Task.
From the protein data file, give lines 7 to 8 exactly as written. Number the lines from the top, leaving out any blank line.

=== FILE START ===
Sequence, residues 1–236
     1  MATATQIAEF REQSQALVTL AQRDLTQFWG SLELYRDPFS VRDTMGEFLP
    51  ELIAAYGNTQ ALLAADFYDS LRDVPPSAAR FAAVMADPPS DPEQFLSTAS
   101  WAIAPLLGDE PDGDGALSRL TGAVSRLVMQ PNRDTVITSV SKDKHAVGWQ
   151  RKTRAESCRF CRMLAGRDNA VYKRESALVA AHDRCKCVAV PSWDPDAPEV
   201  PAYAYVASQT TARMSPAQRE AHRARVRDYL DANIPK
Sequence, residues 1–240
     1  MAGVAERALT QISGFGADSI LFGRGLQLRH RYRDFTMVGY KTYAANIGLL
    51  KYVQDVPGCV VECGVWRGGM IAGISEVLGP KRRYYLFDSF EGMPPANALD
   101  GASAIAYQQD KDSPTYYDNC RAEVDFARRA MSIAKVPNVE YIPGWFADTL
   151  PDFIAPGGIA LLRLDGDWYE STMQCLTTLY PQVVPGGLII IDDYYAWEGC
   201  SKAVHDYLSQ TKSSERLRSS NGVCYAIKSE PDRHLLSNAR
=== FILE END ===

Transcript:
Sequence, residues 1–240
     1  MAGVAERALT QISGFGADSI LFGRGLQLRH RYRDFTMVGY KTYAANIGLL